New Albany News

Study: 'Gifted' students need more classroom instruction


Vanderbilt University on May 2 presented to parents and community members the results of its recently completed study of the New Albany-Plain Local School District's programming for "gifted" students.

Vanderbilt officials said 40 percent of students were identified as gifted in at least one subject, and they offered such recommendations as a more-rigorous curriculum for all students and more individualized instruction for gifted students.

"You need to do things in the general classroom because 40 percent are gifted," said Tamra Stambaugh, an assistant research professor in special education and executive director of programs for talented youth at Vanderbilt.

The district paid $40,000 for the study. District officials worked with the Educational Service Center of Central Ohio to find the Vanderbilt program and contract for services, said district spokesman Patrick Gallaway.

Stambaugh said Vanderbilt professors and one graduate student met with district officials last spring to outline the study.

Professors spent the next six months collecting data and met with focus groups to assess their perceptions of existing programs and their opinions on improving gifted education. The focus groups included 35 parents, 59 teachers, 47 students and 17 administrators.

The Vanderbilt team also observed gifted instruction in 59 classrooms in all four school buildings.

Stambaugh said the focus groups revealed the district does not have enough personnel teaching gifted education, teachers need more training in gifted education, and gifted students lack the daily challenges needed to further their education.

Based on the study, Stambaugh said, the district needs to provide more instruction for gifted students in the classroom, instead of pulling gifted students out of class and grouping them together or simply advancing them into the next grade.

Stambaugh said New Albany-Plain Local needs to use a combination of best practices in gifted education, saying there is no "one-size-fits-all solution."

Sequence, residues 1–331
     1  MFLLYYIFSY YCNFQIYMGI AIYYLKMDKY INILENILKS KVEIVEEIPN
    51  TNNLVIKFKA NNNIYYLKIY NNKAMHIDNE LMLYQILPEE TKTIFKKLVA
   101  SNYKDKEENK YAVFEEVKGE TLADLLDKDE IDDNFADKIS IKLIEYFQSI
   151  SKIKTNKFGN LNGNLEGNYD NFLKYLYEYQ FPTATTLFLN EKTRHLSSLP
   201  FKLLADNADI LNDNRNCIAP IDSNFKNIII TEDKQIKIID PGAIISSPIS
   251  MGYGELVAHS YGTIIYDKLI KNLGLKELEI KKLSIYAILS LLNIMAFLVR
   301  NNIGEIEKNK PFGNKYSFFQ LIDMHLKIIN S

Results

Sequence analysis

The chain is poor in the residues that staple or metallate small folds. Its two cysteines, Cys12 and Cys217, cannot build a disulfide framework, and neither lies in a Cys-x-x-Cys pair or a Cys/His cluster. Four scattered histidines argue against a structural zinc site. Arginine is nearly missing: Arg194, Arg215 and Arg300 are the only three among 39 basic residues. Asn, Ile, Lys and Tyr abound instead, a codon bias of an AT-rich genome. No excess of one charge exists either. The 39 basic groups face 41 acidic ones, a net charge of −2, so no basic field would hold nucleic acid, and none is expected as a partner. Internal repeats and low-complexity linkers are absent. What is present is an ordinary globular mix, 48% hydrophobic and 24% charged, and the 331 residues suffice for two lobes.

Gifted Coordinator Pat Farrenkopf said the district can do three things immediately: better communicate gifted education to the community; provide professional development for teachers; and form an advisory council to help determine the next steps.

Superintendent April Domine said advisory council members will be requested through the district's website and weekly emails sent to parents. Parents who serve on the council will review the Vanderbilt recommendations and determine how to implement them.

Farrenkopf said it could take three to five years to fully incorporate all of the suggestions.

"Some of the teachers already are asking what we would suggest, and we need to have that conversation with parents, too," Farrenkopf said.

Farrenkopf said the district will educate parents on ways to challenge their gifted children at home.

Domine said one of the reasons she became an educator is because she has a family member who is gifted but has learning difficulties.

"That unique blend of need and talent did create a passion in me," Domine said. "It's such a complex issue, knowing every child and trying to help them reach their potential.

"That's why I was so attracted to the vision of this district, which is focused on maximizing the development of every child, finding what they're passionate about and what their talents are, and helping them to become all they can be."